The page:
Through the documents received in Florence, they learn that both trains are headed towards Innsbruck in Nazi-occupied Austria. Through trickery, the prisoners switch their train onto a different line at Bologna. Constanza helps them use blank stationary to type a phony official order diverting the train to Milan. The German troop train continues on toward Innsbruck. Von Klemment and Gabriella are kept bound and gagged, but Gabriella uses a shard of broken glass to sever their bonds. At a water stop, von Klemment and Gabriella escape, killing Orde. Both are shot dead by Ryan.

By this time, SS troops, led by Colonel Gortz (John Van Dreelen), have discovered the ruse. The prisoners put the train on a siding, but discover that it leads to a secret German facility, which is subsequently bombed by Allied aircraft. The train races through the facility, bombs exploding everywhere. Several cars catch fire, and a number of men are wounded. After they leave the facility, the (Italian) engineer and Oriani disable the signals at one signal box, disabling the station's track displays and confusing the Germans. The prisoners then re-route the train to bypass Milan and toward neutral Switzerland through manual switching without being noticed.

Gortz boards a train, with troops, to pursue. As the Alps appear, the prisoner train is attacked by German aircraft. Rocket fire causes boulders to fall and destroy a section of track as a key bridge enters a tunnel. The POWs replace the damaged rail as the SS race up from behind. Ryan, Fincham, Sgt. Bostick (Brad Dexter), Cpl. Giannini (Richard Bakalyan), Private. Ames (James Brolin), and others hold off the German soldiers, but many are killed in the battle. When Bostick throws back a German grenade he is killed in the process. This exchange allows Ryan, Fincham, Giannini, and Ames to retreat back to the train. The prisoner train moves out, and the defenders run for the rear platform with the Germans in close pursuit. Fincham makes it and desperately reaches back for Ryan's outstretched right hand, but Ryan is gunned down by Gortz just as the train crosses into Switzerland.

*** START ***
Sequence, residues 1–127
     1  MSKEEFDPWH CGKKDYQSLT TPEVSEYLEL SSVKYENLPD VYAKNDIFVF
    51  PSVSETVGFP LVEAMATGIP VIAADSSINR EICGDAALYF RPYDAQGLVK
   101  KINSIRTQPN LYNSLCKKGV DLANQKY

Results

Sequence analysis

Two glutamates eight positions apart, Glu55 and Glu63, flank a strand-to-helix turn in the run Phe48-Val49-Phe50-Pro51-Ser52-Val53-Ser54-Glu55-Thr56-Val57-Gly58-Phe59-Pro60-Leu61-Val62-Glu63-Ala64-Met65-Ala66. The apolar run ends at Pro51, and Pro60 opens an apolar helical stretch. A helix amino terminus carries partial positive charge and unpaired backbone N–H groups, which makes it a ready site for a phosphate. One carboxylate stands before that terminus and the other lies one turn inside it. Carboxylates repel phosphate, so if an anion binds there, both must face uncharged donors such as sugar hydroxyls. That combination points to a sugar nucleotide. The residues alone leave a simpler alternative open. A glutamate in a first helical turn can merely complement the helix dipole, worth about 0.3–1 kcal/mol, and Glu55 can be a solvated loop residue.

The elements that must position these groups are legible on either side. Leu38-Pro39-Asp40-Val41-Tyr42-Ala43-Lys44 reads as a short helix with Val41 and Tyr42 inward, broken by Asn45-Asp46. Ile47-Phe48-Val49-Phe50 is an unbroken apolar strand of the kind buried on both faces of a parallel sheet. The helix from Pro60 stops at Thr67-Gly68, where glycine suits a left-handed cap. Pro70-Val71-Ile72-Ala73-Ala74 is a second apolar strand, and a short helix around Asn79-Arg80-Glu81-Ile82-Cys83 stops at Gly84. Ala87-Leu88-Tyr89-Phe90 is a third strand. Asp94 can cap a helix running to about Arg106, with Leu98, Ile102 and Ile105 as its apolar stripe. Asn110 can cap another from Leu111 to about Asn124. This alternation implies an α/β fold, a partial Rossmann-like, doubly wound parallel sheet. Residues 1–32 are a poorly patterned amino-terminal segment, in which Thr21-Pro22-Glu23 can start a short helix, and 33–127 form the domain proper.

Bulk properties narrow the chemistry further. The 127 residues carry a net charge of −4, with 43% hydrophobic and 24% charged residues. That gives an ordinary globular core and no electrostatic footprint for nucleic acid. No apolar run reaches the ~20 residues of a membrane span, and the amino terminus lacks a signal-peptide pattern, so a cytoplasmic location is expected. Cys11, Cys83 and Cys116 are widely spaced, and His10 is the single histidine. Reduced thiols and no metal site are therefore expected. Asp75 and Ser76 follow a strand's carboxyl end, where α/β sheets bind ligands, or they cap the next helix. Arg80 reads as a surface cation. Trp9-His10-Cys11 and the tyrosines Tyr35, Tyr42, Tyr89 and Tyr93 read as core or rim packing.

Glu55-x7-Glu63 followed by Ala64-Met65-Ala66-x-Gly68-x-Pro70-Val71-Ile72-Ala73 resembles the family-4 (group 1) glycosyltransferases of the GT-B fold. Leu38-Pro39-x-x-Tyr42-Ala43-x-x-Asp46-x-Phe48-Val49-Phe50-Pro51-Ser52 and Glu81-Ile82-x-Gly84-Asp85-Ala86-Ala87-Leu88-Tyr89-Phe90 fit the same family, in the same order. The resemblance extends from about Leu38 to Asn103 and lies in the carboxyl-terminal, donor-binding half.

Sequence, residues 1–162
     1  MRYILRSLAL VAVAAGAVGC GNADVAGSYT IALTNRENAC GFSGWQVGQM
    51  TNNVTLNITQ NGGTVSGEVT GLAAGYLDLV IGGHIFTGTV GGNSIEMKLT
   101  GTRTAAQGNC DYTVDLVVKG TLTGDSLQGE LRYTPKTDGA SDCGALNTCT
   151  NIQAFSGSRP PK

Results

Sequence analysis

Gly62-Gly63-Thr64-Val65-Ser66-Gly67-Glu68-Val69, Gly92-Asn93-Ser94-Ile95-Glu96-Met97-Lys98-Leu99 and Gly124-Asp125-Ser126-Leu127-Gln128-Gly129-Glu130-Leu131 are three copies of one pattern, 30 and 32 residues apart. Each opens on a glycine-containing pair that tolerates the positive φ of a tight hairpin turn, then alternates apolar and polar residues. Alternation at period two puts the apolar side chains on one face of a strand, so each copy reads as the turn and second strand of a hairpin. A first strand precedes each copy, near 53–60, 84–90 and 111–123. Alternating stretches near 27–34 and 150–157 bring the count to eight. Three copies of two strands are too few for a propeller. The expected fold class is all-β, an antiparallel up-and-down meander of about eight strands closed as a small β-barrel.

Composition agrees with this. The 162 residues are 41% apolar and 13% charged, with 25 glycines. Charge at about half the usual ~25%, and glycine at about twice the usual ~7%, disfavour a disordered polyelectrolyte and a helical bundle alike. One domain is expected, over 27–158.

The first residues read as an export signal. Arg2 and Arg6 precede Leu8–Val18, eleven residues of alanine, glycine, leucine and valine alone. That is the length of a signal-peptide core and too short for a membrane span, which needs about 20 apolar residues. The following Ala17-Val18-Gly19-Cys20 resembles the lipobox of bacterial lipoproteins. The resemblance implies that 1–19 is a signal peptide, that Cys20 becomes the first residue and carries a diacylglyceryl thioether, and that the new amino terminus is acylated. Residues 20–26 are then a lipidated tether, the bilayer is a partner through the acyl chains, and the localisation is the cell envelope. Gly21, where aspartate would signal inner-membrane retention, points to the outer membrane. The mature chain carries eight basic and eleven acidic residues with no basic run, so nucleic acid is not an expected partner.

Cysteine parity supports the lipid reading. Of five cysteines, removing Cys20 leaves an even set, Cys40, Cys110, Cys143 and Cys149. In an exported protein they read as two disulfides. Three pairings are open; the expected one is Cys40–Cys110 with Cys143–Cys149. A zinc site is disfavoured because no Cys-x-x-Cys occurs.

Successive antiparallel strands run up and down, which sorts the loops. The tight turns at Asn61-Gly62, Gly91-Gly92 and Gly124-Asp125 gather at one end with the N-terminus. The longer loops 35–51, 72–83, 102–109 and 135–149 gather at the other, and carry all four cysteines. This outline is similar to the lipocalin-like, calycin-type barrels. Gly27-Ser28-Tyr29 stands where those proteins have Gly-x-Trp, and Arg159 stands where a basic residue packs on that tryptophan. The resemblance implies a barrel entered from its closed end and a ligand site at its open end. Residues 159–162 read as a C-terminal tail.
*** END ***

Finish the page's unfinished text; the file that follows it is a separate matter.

The film ends with a voice-over by Fincham, repeating his early comment to Ryan, "If only one gets out, it's a victory."

Cast[edit]

Production[edit]

Original novel[edit]

The novel was published in 1963. The novelist David Westheimer had been a POW during World War II. He witnessed the bombing of Bolzano in 1943 from a box car.[3] The New York Times book reviewer said the novel "has everything for the screen but the camera directions."[4]

Development[edit]

The novel was a best seller and film rights were bought by 20th Century Fox for a reported $125,000.[5] The studio assigned Saul David to produce and Mark Robson to direct. Robson had intended to make The Centurians but this was delayed when his chosen star, Anthony Quinn was unavailable.[6] Frank Sinatra had read the novel and wanted to buy the film rights himself; when he heard they had been lost to Fox he offered his services for the lead role.[7]

Von Ryan’s Express was a project keenly undertaken by 20th Century Fox, which was still financially reeling after the extravagance and critical bashing of Cleopatra. Fox, in a bid to prove that they were still able to make films on an epic scale, shot extensively on location in Europe and built a full-scale prison camp as opposed to shooting on a backlot. It was producer Saul David's first film for Fox. He followed it with Our Man Flint, Fantastic Voyage and In Like Flint.

Shooting[edit]

Rumours of a personality clash between star Frank Sinatra, who was flown by helicopter to the set, and director Mark Robson were not enough to cause problems as the film was shot with relatively little trouble. However, Sinatra did insist that the ending of the film be altered, ending any chance of a sequel. Sinatra also insisted the film be shot in Panavision rather than Fox's CinemaScope.[8]

The film score was written by Jerry Goldsmith.[9]